Fourth and last, the committee plans various new plantings around the site. Some of this will be done in conjunction with thew Eastern Ontario Nut Culture Project, Ted Cormier Project Manager.

You, your family, friends and neighbours all invited to the Spring Field on Saturday, May 14, 1994, starting about 10:00 AM. Bring along you gardening tools, wheelbarrows specially welcome! Also, if you plan to spend the day, please bring your lunch and refreshments. See the adjacent map showing the Oak Valley Plantation site. For more information call Ralph, or any other committee member.

See y'all at Oak Valley Spring Field Day...

Oak Valley Planter's Plots Plan

or, New Nut Culture Opportunities for Landless Urban Peasants

Undoubtedly there are ECSONG members with aspirations to grow their own nut trees but who lack the type of soil or space needed. Some of these may be older folk who have retired to condos or apartments; others will be younger but haven't yet acquired that hoped-for place in the country.

To help meet this need, the Oak Valley Plantation Committee is identifying a section of the site on the Nation River where members could plant nut trees from seed and/or raise stock procured from a commercial nursery. The underlying concept is similar to municipal allotment gardens except for implications that the duration of the collaborative nut tree culture activities is likely to last a generation or so, and not just till next fall's harvest.

ECSONG is considering offering two types of Planter's Plots to accommodate two types of nut culture activities:

1. Nursery Plots, about 8' x 10', providing rich, loose soil and a protective environment for raising seedlings from nuts or for growing up seedlings obtained from commercial sources.

2. Heritage Plots, about 60' x 30', in open, prepared land between the west boundary and a service road allowance. There seedlings or saplings of the planter's choice might be placed and remain indefinitely under the care of the planter or descendants.

ECSONG's role at Oak Valley is to work cooperatively with the South Nation River Conservation Authority to develop a park and plantation featuring nut-bearing trees on this 7 or 8 acre site. Because the land belongs to a conservation authority it is likely to remain in the public domain in perpetuity.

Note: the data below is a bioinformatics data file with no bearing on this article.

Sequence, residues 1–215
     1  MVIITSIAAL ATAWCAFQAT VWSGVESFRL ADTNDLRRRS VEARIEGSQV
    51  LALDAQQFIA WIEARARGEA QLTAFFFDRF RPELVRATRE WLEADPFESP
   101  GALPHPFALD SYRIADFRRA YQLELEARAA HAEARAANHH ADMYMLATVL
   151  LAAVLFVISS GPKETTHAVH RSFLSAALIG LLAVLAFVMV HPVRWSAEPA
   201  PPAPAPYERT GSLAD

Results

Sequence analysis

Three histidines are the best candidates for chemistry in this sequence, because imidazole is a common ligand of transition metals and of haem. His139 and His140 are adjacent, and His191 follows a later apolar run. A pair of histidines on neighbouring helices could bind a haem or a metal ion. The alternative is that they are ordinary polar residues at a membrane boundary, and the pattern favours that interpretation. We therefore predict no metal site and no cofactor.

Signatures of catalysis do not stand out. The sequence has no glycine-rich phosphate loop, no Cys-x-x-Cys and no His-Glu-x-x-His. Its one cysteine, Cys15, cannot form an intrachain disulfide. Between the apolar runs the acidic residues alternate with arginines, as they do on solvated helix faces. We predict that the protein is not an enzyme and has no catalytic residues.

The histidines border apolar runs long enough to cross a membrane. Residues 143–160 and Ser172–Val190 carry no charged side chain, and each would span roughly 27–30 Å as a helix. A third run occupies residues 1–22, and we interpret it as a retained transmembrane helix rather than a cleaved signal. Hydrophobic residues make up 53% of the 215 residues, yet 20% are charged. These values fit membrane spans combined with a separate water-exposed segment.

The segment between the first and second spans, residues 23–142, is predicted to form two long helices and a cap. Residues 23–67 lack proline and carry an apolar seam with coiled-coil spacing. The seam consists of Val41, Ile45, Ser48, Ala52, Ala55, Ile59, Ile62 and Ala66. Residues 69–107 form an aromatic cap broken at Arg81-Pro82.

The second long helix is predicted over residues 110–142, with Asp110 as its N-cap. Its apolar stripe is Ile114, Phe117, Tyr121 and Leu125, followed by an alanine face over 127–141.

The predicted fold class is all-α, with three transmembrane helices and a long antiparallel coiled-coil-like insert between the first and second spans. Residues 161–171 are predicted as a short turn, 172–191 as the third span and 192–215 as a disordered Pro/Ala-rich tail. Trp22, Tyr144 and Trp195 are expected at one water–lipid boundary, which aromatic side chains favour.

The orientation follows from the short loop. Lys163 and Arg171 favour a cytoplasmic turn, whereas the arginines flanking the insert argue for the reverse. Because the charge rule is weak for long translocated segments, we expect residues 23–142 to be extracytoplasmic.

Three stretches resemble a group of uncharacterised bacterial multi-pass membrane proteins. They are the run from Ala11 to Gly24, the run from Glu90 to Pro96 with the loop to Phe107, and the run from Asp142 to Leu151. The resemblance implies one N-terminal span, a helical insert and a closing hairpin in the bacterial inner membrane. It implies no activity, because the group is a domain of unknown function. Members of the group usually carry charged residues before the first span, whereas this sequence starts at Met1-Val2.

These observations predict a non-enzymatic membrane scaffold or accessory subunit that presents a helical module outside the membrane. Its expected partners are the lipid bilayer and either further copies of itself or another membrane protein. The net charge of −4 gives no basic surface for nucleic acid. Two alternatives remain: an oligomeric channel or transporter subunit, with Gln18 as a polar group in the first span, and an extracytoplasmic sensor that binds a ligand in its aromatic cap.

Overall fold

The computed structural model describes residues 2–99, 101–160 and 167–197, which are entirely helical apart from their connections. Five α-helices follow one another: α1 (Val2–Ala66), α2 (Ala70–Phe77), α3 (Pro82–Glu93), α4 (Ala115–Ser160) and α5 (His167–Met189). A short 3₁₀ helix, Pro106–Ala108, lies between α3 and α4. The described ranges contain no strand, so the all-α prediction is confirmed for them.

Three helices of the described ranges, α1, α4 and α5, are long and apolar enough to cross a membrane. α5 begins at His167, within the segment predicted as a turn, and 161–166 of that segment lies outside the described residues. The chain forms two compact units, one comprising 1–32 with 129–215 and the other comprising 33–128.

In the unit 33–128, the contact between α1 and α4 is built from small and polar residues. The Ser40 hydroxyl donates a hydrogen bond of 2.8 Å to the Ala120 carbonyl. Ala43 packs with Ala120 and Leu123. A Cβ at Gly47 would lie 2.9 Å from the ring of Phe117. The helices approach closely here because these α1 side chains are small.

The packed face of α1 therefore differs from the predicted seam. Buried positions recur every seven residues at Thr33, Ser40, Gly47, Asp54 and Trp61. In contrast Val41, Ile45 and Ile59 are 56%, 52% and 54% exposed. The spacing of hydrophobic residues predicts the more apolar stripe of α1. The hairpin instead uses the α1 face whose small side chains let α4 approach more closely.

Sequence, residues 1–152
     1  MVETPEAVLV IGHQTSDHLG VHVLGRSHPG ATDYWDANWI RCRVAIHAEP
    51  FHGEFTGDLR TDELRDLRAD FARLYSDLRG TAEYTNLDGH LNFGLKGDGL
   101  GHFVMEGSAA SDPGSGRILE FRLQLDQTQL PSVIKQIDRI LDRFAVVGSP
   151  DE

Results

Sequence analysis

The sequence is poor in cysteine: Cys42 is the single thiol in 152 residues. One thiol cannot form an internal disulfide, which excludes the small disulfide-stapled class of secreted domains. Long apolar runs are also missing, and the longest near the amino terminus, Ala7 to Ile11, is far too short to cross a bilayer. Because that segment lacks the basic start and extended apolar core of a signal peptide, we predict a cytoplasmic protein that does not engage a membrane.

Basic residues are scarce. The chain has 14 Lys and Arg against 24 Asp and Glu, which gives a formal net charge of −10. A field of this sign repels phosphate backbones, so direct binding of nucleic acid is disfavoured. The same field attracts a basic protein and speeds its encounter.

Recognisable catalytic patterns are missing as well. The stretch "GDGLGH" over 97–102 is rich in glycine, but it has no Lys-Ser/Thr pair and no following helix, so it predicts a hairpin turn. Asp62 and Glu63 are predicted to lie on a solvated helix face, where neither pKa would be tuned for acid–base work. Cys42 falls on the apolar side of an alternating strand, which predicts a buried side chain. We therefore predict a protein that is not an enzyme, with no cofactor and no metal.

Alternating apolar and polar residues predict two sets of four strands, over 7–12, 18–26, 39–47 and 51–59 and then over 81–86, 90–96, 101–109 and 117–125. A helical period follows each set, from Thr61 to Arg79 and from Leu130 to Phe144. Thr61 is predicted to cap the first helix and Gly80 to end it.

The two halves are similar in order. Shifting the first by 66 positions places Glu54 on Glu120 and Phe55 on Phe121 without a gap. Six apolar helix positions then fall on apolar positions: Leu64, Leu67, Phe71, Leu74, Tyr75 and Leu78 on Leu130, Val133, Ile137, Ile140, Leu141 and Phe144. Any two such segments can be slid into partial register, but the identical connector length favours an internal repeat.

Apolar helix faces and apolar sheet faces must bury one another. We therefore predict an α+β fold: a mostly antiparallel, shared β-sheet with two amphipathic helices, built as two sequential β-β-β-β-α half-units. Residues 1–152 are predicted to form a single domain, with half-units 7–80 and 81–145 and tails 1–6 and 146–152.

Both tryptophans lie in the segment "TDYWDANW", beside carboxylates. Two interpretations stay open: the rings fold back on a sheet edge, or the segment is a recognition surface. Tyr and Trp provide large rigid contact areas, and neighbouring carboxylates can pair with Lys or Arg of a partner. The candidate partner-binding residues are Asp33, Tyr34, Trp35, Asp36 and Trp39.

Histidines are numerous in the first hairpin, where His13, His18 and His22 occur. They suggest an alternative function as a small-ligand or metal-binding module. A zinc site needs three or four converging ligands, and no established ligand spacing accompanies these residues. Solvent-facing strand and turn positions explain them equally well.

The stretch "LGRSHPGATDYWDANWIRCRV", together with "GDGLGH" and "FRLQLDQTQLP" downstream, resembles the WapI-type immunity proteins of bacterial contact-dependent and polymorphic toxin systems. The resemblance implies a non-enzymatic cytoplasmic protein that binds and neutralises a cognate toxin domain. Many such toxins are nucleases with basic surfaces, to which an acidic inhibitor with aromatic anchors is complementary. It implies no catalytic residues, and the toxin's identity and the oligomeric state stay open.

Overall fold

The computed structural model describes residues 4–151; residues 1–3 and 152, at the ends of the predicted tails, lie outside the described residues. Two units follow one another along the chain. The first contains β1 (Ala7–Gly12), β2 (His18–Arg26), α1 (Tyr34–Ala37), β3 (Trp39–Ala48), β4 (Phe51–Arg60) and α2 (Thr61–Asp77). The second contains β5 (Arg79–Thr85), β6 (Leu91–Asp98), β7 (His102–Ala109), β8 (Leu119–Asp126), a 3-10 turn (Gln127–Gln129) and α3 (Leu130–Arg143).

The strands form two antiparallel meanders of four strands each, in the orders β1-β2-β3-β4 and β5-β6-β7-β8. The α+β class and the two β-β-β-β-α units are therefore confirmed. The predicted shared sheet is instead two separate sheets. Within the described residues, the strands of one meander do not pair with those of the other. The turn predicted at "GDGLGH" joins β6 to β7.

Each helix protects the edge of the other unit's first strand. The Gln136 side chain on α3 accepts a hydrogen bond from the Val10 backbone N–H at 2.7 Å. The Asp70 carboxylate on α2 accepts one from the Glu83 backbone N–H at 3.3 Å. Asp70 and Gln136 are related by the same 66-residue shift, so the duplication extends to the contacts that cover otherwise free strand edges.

Thus landless or land-poor members who might wish to become planters by seizing the opportunity presented by the Planter's Plots Plan could have some assurance of the sort of continuity that tree culture requires.

The Chapter, for its part, could provide "infrastructure" in the form of initial soil preparation, staking plot boundaries, plot labelling, maintenance of access and, upon request, advice and help with selection, procurement and planting. For this a service fee of $10 annually might be charged. The duration of a Nursery Plot agreement might be as short as one year, but for Heritage Plots probably 5 years minimum, renewable for the next 5-years on the same terms.

The Planter might be required to assume any costs for seed or nursery stock, and responsibility for planting and tending the plot. A border strip not less than five (5) feet wide on all four sides of each Heritage Plot should remain unplanted in order that trees on adjacent plots have room to grow. Weeds would have to be kept under control not only to reduce competition but to avoid jeopardizing neighbouring plots. Flagrant or persistent neglect of tending a plot could lead to voiding the agreement. There would also be a hope and expectation that Oak Valley Planters would turn out on Field Days to help with the further development of that site since this, in turn, would enhance the environment of individual Planter's Plots.

The Oak Valley site is easy of access. As it lies 35 miles south of Ottawa where it may be mild enough to enable culture of more tender species - particularly once the shelter belt has grown. Hazels and pine nuts could offer something to chew on while waiting for the chestnuts, butternuts or walnuts to grow in your Heritage Plot. Developing such a Plot could afford families a project where parents, children and maybe grandchildren could share in the efforts and the pleasures of getting trees to grow - and grow not just for a season or even their own generation but for those to follow. It would be hard to think of a finer memorial for any family than a stand of Heritage nut trees secure on a public lands location.

Your comments on the idea of Nursery and Heritage Plots at Oak Valley are sought. Get in touch with Ralph McKendry, Chair of the Oak Valley Project, at Ottawa 728 6511.

The Nut Pines of Lebanon

My name is Rana. My brother Georges and I spent last summer in Lebanon, at my grandma's house in Nabai, a small village in the mountains half an hour from Beirut. I still remember the fun we had looking for pine cones. Finding pine cones underneath dried pine needles is not as easy as you think, especially if you are five years old. At least we did not have to go too far to find them because the balcony in the back of the house was surrounded with pine trees. Inside the ripe cones, the pine nuts are black-striped, beige, elongated, almost cylindrical with a hard shell. We had to break the shell with a stone, and it was difficult not to smash the meat inside in the process. The meat is almost white, my dad calls it ivory white, and it is covered by a thin beige skin. Anyway, smashed or not, it was always delicious. My mother keeps a container of the white stuff in the fridge for cooking.